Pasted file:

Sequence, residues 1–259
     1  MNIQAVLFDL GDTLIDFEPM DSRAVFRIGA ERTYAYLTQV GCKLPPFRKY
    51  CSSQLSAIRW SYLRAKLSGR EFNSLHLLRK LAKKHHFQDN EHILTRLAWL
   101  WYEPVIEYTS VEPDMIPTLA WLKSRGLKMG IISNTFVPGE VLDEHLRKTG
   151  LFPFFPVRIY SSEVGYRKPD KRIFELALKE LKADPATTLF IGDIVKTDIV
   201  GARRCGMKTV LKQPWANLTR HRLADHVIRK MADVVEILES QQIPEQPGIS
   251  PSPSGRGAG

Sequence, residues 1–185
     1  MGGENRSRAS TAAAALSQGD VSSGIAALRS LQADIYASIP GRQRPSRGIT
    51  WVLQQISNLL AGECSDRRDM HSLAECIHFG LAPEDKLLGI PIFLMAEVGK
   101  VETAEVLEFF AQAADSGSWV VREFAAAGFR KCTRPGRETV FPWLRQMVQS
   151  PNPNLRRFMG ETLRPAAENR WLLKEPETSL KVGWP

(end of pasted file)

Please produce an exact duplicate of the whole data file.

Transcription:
Sequence, residues 1–259
     1  MNIQAVLFDL GDTLIDFEPM DSRAVFRIGA ERTYAYLTQV GCKLPPFRKY
    51  CSSQLSAIRW SYLRAKLSGR EFNSLHLLRK LAKKHHFQDN EHILTRLAWL
   101  WYEPVIEYTS VEPDMIPTLA WLKSRGLKMG IISNTFVPGE VLDEHLRKTG
   151  LFPFFPVRIY SSEVGYRKPD KRIFELALKE LKADPATTLF IGDIVKTDIV
   201  GARRCGMKTV LKQPWANLTR HRLADHVIRK MADVVEILES QQIPEQPGIS
   251  PSPSGRGAG

Sequence, residues 1–185
     1  MGGENRSRAS TAAAALSQGD VSSGIAALRS LQADIYASIP GRQRPSRGIT
    51  WVLQQISNLL AGECSDRRDM HSLAECIHFG LAPEDKLLGI PIFLMAEVGK
   101  VETAEVLEFF AQAADSGSWV VREFAAAGFR KCTRPGRETV FPWLRQMVQS
   151  PNPNLRRFMG ETLRPAAENR WLLKEPETSL KVGWP